Adalah: Extension to Citizenship Law’s Validity is Latest in a Series of Israeli Policies of Racial Separation Based on National Belonging

On 1 July 2008, a 21-8 majority of the Israeli Knesset approved an extension to the Citizenship and Entry into Israel Law (Temporary Order) for an additional year until July 2009. The Knesset extended the law in spite of a Supreme Court ruling from 2006 that deemed the law unconstitutional, and despite an order nisi (order to show cause) issued by the court in May 2008 on a petition filed by Adalah and on petitions filed by other human rights organizations against the extension and expansion of the law in 2007. In the order, the court demanded that the state explain why the Citizenship Law should not be struck down as unconstitutional. The state is supposed to submit its response to the court on 1 August 2008.

According to the law, Palestinians from the Occupied Palestinian Territory (OPT) who are married to Israeli citizens are not entitled to any legal status in Israel, and the law therefore prevents the Israeli citizens, who are in practice almost all Palestinian citizens, from realizing their right to a family life inside their own country. In March 2007, the Knesset approved an amendment to the law that expanded the scope of ban on family unification to include citizens of “enemy states” Syria, Lebanon, Iraq and Iran, and to “anyone living in an area in which operations that constitute a threat to the State of Israel are being carried out,” according to the Israeli security services. One week ago the Knesset approved the Israeli government’s decision to add the Gaza Strip to this list. Although the law is defined as a “temporary order”, i.e. a temporary law, it has now been extended eight times since its enactment in July 2003.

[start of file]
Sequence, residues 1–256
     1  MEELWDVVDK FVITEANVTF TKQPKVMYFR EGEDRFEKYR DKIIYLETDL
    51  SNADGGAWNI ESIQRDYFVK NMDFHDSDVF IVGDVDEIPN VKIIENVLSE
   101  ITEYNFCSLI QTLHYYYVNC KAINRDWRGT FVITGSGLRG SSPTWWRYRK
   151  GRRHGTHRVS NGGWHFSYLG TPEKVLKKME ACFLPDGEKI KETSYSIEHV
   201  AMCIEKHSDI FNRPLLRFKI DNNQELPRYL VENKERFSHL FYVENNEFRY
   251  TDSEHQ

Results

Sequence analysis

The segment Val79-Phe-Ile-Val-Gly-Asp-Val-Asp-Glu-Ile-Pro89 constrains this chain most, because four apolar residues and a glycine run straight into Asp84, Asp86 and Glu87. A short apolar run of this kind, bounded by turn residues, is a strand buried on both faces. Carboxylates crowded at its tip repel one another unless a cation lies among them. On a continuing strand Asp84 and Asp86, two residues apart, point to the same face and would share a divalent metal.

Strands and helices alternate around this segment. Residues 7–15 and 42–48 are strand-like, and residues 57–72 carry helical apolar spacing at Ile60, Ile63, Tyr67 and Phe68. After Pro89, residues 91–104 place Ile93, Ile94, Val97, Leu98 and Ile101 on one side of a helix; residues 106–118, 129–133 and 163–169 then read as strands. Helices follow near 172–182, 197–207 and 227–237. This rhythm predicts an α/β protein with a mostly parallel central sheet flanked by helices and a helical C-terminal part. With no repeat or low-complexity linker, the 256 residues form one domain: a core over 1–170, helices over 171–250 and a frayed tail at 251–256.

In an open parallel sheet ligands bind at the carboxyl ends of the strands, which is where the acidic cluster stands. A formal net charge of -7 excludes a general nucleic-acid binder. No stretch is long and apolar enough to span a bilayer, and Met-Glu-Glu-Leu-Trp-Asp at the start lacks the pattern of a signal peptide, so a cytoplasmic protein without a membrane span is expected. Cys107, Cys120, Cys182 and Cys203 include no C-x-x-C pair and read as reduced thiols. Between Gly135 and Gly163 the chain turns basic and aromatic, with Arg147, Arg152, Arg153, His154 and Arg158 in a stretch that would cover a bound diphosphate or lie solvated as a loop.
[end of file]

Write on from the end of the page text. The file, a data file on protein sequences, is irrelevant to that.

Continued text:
In response to the latest extension of the law, Adalah stated that it is the latest in a series of official Israeli policies aimed at racial separation on the basis of national belonging. This policy is targeted at Palestinian citizens of Israel and seeks to disconnect them from the other members of their people and their wider nation, and violates fundamental rights, such as the right to a family. International law prohibits the violation of minorities the right to establish and maintain without discrimination contacts across borders with citizens of other states to whom they are related by national or ethnic, religious or linguistic ties. It should be emphasized that no other state in the world denies the right to conduct a family life on the basis of national of ethnic belonging.

The Israeli government first approved a decision preventing family unification for Palestinians in March 2002, and the Knesset enacted the decision into law in July 2003. Following the law’s enactment, Adalah and other human rights organizations, including the Association for Civil Rights in Israel, petitioned the Supreme Court to demand that the law be struck down. Although the Supreme Court did not strike down the law in May 2006, it nevertheless stated in its decision that it was unconstitutional. However, since the court’s decision was delivered the Knesset has extended the law’s applicability twice. The latest extension was made despite the fact that petitions challenging the law are still currently pending before the Supreme Court, and in spite of the aforementioned order nisi.